The Prince of Wales has met Northern Ireland’s political leaders on the second day of his visit to the region.
The private and separate meetings with First Minister Arlene Foster and Deputy First Minister Martin McGuinness began a packed schedule for the heir to the throne.
The prince talked with the Democratic Unionist leader and Sinn Fein veteran in two 20 minute behind-closed-doors encounters at the royal residence at Hillsborough Castle.
The leaders updated Charles on the current political and economic situation in Northern Ireland.
The Duchess of Cornwall will accompany Charles later on Tuesday for a number of visits to local businesses and places of interest.
Later, the royal couple will host a musical evening at Hillsborough Castle.
On Wednesday, the Prince and Duchess will travel across the Irish border to Co Donegal.
The visit to the Republic of Ireland is at the request of the UK Government and follows Charles and Camilla’s trip to the country this time last year when the Prince toured the place where his great-uncle, Lord Mountbatten, was murdered by the IRA in 1979.
A Clarence House spokesman said: “The visits will recognise the warm friendship that exists between both countries, promoting understanding of their respective heritage and celebrating the best that each has to offer.”
Charles arrived in Northern Ireland on Monday, when he was given a glimpse into the high-tech world of internet security during a visit to Queen’s University’s first Global Research Institute at the Science Park in Belfast’s Titanic Quarter.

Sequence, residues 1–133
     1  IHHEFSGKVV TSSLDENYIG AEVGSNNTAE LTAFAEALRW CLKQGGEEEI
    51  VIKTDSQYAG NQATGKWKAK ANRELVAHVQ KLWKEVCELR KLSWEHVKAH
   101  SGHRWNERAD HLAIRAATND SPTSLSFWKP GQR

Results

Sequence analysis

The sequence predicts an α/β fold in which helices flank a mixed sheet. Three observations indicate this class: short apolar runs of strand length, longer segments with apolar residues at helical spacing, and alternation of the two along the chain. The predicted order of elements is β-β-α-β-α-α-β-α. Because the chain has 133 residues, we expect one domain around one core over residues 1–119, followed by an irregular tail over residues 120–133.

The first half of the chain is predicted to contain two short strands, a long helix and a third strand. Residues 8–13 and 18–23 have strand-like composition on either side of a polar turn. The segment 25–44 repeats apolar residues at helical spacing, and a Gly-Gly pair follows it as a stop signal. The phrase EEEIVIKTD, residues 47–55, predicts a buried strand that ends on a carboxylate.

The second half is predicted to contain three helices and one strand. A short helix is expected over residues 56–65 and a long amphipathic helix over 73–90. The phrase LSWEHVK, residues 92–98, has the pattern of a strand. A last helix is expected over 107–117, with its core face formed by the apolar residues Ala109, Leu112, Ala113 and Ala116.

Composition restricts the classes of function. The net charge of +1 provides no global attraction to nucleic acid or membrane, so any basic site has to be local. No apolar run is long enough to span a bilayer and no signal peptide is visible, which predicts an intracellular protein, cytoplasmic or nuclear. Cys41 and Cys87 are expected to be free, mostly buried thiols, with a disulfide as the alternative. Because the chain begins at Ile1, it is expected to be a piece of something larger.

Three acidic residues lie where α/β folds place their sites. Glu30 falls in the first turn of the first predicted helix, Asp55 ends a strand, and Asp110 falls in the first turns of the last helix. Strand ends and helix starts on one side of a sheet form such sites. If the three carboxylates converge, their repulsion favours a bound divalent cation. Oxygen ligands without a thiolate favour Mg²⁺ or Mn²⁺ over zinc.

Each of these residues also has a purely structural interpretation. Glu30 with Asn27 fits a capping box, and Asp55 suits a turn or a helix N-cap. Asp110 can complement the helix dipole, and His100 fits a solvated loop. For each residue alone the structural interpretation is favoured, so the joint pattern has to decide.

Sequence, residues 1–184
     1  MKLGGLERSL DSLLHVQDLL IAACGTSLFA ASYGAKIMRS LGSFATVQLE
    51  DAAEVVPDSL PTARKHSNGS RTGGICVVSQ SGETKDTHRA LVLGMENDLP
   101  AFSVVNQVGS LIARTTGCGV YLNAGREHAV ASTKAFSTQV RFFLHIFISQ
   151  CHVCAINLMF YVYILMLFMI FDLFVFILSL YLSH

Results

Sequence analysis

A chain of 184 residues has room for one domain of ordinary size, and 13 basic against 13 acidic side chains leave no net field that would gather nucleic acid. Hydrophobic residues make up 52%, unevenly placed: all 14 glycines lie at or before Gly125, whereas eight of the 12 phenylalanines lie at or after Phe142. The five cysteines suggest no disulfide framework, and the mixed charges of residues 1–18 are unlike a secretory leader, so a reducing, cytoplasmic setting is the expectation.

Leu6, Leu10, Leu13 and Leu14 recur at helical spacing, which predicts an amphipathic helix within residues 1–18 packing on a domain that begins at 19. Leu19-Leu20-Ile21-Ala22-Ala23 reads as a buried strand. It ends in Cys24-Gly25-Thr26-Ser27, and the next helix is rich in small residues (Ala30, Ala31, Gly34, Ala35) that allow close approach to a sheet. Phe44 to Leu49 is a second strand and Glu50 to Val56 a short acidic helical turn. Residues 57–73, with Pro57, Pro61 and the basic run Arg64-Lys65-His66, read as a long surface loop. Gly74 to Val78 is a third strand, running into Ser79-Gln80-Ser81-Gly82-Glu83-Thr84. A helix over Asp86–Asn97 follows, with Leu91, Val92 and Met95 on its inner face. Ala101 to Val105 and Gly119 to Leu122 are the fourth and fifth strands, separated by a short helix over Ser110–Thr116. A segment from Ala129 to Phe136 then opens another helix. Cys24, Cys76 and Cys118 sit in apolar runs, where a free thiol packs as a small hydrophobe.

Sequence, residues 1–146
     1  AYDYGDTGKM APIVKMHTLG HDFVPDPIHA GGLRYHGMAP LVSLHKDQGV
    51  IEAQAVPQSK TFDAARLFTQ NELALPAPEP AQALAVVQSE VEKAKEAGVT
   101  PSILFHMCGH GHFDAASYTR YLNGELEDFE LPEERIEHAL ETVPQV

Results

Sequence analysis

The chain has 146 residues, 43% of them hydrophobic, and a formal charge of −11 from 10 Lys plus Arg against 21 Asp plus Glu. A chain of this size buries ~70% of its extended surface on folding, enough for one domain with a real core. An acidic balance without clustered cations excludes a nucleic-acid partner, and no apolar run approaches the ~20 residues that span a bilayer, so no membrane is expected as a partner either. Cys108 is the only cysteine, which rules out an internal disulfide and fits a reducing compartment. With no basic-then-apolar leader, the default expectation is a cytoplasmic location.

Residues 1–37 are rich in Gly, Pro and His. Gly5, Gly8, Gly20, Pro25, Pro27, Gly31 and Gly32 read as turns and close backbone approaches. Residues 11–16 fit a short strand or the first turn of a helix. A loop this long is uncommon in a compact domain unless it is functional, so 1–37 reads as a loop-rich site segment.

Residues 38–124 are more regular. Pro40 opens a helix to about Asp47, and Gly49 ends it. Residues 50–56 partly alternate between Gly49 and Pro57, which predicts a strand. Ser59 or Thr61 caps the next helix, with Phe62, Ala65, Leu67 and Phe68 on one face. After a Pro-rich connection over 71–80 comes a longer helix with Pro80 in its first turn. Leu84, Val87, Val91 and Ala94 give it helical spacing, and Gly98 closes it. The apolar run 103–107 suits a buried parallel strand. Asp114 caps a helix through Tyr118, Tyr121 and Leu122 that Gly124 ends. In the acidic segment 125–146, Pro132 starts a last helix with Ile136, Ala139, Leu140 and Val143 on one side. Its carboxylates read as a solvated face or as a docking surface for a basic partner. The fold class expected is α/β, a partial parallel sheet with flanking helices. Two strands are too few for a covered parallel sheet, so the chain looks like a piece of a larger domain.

On his first public engagement of the day, the Prince visited one of Ireland’s oldest Presbyterian churches in Portaferry, on the tip of the Ards Peninsula in Co Down.
It marked Portaferry Presbyterian’s reopening as the Portico arts centre after eight years and almost £1 million funding from the Heritage Lottery Fund plus dozens of other benefactors.
It is modelled on the Temple of Nemesis and the facade is dominated by six Doric columns.
Ian McDonnell, chair of the Friends of Portaferry Church, said the Heritage Lottery Fund had donated a remarkable sum “without which we would be sitting in a dank, damp, dangerous building and certainly not celebrating”.
Charles said it was an enormous pleasure to be able to join the congregation for the reopening.
“It is a remarkable project and for me it is very special to be able to join you on this occasion to rededicate this building,” he said.
“I hope it will provide everybody who lives in this particular town with something very special for the future.”